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Oncogene status predicts patterns of metastatic spread in treatment-naive nonsmall cell lung cancer†
Article first published online: 26 JAN 2012
Copyright © 2012 American Cancer Society
Volume 118, Issue 18, pages 4502–4511, 15 September 2012
How to Cite
Doebele, R. C., Lu, X., Sumey, C., Maxson, D. A., Weickhardt, A. J., Oton, A. B., Bunn, P. A., Barón, A. E., Franklin, W. A., Aisner, D. L., Varella-Garcia, M. and Camidge, D. R. (2012), Oncogene status predicts patterns of metastatic spread in treatment-naive nonsmall cell lung cancer. Cancer, 118: 4502–4511. doi: 10.1002/cncr.27409
- Issue published online: 5 SEP 2012
- Article first published online: 26 JAN 2012
- Manuscript Accepted: 13 SEP 2011
- Manuscript Revised: 9 SEP 2011
- Manuscript Received: 11 AUG 2011
- nonsmall cell lung cancer;
- epidermal growth factor receptor;
- anaplastic lymphoma kinase tyrosine kinase receptor;
- Kirsten rat sarcoma viral oncogene
The discovery of distinct subsets of nonsmall cell lung cancer (NSCLC) characterized by activation of driver oncogenes has greatly affected personalized therapy. It is hypothesized that the dominant oncogene in NSCLC would be associated with distinct patterns of metastatic spread in NSCLC at the time of diagnosis.
A total of 209 consecutive patients with stage IV nonsquamous NSCLC with an EGFR (epidermal growth factor receptor) mutation (N = 39), KRAS (v-Ki-ras2 Kirsten rat sarcoma viral oncogene homolog) mutation (N = 49), ALK (anaplastic lymphoma receptor tyrosine kinase) gene rearrangement (N = 41), or wild-type for all 3 (triple negative, N = 80) were included. The percentage of patients with metastatic disease at a given site was compared between each molecular cohort (EGFR, KRAS, or ALK) and the triple negative cohort.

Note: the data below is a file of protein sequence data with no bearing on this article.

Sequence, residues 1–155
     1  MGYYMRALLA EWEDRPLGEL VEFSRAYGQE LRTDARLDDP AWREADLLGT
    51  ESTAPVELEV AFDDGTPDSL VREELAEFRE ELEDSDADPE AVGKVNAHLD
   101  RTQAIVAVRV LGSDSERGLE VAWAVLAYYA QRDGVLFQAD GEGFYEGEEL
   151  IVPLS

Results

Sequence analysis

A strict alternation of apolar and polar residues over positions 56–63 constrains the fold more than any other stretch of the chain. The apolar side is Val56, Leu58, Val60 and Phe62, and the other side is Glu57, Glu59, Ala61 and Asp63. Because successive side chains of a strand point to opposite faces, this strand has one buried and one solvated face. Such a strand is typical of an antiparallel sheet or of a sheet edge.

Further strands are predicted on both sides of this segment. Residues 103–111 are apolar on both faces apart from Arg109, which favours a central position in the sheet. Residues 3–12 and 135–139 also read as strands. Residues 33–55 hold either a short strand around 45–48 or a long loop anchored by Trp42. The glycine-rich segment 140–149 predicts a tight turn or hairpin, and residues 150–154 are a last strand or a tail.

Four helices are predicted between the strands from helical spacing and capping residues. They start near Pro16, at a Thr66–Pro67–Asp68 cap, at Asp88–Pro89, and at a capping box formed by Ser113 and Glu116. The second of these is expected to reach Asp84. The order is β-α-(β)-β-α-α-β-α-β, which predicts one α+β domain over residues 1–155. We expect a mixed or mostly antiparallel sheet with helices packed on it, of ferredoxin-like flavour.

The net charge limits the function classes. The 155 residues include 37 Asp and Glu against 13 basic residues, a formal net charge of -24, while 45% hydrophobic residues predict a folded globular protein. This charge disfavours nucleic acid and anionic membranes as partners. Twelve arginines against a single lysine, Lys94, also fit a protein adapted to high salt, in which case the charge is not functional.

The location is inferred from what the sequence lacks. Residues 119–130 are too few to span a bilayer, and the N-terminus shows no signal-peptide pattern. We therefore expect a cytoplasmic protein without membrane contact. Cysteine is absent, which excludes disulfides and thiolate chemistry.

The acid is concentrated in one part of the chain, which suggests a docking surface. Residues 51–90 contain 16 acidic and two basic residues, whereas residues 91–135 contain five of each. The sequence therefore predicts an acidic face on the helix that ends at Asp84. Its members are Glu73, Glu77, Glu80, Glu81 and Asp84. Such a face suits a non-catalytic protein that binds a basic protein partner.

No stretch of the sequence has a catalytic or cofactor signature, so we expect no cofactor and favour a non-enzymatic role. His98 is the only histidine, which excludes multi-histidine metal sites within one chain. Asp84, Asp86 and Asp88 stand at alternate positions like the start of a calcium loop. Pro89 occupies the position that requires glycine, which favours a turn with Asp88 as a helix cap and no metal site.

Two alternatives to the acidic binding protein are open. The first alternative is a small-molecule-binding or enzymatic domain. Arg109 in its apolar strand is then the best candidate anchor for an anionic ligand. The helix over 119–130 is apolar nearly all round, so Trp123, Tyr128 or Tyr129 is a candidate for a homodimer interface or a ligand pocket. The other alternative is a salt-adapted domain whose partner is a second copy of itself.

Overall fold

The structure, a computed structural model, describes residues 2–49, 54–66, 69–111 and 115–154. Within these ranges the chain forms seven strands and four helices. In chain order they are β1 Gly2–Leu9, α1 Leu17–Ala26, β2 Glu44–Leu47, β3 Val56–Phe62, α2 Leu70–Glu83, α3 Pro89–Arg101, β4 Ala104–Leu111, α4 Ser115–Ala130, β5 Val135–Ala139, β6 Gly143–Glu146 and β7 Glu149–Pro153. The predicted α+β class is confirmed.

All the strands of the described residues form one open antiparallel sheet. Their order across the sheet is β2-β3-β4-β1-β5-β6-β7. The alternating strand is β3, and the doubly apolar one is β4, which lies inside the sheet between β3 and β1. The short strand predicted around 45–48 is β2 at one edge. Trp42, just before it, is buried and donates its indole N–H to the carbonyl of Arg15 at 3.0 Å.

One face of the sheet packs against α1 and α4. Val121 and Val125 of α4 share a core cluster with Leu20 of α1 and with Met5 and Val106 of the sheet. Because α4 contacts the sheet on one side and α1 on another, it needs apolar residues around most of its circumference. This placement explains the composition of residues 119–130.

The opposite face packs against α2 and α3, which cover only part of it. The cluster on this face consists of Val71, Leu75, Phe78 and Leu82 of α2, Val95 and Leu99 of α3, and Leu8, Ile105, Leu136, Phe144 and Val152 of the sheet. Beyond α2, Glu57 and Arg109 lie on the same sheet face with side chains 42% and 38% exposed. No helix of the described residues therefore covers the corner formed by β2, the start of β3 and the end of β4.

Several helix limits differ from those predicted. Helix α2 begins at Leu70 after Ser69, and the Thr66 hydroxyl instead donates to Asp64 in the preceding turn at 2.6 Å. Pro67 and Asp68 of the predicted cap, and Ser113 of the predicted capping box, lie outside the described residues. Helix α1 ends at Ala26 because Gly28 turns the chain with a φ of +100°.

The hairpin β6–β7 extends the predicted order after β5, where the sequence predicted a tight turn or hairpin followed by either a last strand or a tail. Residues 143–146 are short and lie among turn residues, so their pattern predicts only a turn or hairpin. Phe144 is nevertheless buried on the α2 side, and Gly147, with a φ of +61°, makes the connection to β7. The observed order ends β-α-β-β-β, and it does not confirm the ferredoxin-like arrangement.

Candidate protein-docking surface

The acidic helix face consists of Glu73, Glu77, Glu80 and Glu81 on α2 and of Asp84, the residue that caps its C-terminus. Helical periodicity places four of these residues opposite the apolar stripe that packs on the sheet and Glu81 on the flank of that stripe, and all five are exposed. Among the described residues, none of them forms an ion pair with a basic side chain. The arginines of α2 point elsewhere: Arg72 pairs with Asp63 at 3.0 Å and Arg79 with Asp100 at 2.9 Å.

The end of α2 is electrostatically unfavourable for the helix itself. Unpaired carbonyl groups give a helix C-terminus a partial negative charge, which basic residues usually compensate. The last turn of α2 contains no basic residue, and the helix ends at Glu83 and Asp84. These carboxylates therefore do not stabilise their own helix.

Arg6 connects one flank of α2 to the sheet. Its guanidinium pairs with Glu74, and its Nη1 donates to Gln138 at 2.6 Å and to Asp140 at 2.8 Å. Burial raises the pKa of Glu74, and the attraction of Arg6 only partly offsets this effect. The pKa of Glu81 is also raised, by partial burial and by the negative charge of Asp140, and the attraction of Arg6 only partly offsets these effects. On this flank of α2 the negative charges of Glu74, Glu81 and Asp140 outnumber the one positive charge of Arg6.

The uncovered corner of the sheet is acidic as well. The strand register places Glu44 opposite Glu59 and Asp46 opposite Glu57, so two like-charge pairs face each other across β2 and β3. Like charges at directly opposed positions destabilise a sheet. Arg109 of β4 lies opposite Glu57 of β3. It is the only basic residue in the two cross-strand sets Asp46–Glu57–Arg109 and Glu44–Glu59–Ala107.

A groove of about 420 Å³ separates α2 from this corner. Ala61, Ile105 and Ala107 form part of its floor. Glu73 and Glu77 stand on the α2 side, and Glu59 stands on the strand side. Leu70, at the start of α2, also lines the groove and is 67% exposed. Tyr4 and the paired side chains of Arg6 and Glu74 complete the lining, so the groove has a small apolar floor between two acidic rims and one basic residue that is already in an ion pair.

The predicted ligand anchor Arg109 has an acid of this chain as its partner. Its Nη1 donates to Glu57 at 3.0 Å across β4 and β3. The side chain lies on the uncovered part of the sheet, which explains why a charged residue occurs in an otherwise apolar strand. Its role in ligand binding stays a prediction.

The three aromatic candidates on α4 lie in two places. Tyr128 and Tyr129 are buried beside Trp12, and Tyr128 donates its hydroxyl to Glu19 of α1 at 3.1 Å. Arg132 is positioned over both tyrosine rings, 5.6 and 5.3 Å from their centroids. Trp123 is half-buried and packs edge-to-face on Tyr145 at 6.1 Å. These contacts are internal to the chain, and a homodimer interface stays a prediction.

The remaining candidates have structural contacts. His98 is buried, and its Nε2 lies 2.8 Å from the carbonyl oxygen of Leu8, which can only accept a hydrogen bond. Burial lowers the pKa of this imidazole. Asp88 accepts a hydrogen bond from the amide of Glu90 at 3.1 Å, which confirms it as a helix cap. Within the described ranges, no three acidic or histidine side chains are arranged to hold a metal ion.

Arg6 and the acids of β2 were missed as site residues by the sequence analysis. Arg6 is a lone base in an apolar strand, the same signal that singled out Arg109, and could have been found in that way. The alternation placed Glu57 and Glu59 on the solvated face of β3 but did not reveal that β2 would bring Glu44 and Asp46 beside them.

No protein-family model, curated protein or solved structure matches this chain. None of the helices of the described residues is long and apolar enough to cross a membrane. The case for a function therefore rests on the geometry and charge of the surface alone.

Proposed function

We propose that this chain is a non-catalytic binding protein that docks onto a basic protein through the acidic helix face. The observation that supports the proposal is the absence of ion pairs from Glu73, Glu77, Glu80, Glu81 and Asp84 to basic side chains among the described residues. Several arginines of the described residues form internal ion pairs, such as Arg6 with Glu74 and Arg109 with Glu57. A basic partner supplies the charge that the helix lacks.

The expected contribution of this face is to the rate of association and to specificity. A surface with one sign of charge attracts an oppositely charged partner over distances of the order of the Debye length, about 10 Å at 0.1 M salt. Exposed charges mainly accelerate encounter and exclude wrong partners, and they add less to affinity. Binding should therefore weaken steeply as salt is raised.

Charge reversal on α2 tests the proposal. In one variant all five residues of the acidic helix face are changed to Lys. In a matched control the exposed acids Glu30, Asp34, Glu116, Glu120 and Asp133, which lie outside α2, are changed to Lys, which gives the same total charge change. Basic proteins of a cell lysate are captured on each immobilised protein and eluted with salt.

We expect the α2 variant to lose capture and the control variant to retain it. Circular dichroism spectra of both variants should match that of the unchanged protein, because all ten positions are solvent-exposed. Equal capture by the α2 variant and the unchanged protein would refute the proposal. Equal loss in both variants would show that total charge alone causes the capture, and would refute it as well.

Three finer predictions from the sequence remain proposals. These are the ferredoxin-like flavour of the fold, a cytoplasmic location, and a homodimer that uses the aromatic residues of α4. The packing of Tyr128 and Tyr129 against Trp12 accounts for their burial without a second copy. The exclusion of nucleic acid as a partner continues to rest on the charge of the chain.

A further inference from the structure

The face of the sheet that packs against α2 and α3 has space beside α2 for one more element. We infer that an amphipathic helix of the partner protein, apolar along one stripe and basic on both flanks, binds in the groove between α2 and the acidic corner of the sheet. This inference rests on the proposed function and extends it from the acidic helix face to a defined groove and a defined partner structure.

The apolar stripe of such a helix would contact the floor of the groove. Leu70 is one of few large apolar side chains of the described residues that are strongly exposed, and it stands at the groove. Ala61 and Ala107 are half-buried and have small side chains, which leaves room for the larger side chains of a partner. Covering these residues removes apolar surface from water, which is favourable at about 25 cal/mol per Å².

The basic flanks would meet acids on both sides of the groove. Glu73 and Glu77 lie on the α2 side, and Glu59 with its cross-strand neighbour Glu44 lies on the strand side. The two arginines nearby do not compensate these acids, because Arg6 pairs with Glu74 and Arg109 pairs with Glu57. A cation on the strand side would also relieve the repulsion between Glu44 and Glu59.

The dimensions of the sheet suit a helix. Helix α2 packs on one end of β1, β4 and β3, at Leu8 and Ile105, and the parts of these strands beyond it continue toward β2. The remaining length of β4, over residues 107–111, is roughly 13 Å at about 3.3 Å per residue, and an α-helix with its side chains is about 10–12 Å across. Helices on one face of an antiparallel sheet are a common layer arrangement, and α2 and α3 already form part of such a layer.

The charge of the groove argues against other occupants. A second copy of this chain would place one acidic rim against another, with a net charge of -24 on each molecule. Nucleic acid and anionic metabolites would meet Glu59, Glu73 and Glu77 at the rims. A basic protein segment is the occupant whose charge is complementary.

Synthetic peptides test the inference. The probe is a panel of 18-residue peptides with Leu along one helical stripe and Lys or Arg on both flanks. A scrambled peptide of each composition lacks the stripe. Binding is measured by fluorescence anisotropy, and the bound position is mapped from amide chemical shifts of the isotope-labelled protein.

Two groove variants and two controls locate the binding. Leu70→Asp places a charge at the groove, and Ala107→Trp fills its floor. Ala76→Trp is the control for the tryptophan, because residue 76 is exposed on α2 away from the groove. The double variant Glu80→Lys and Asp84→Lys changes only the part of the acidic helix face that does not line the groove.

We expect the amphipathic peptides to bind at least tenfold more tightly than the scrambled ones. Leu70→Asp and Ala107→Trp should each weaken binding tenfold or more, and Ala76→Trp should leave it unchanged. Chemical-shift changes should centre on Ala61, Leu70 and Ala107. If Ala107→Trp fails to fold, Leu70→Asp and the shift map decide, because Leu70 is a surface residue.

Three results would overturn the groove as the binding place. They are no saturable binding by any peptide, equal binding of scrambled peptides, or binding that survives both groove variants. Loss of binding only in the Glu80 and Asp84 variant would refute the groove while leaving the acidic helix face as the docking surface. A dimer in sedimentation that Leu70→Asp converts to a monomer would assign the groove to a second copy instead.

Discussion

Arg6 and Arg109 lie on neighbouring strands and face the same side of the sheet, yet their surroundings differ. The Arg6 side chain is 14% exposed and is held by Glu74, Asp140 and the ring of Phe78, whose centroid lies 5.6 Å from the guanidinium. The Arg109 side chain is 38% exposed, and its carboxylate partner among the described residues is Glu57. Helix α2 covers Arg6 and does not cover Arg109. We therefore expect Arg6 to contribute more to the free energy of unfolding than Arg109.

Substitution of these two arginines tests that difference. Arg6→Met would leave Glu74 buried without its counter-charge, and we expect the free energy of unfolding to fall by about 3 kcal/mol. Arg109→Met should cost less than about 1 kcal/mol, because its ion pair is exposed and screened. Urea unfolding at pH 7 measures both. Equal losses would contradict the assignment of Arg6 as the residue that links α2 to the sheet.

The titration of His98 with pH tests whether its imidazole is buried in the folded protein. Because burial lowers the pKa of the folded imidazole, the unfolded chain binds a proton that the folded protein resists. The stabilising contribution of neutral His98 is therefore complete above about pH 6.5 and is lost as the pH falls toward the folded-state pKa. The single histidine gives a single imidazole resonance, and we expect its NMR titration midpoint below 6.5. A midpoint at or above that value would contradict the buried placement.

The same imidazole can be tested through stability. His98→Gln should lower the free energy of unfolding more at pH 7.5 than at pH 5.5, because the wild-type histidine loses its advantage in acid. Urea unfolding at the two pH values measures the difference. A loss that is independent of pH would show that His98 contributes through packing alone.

ALK gene rearrangement was significantly associated with pericardial disease (odds ratio [OR] = 4.61; 95% confidence interval [CI] = 1.30, 16.37; P = .02) and pleural disease (OR = 4.80; 95% CI = 2.10, 10.97; P < .001). Patients with ALK gene rearrangements (OR = 5.50; 95% CI = 1.76, 17.18; P = .003) and patients with EGFR mutations (OR = 5.17; 95% CI = 1.63, 16.43; P = .006) were predisposed to liver metastasis compared to the triple negative cohort. No molecular cohort had a predisposition to pulmonary nodules, or adrenal, bone, or brain metastasis compared to the triple negative cohort. The mean number of metastatic disease sites in patients within the ALK rearranged cohort was significantly greater than that of the triple negative cohort (mean = 3.6 sites vs 2.5 sites, P < .0001).
The results support the hypothesis that the dominant molecular oncogenes in NSCLC are associated with different biological behaviors manifesting as distinct patterns of metastatic spread at the time of diagnosis. Cancer 2012. © 2012 American Cancer Society.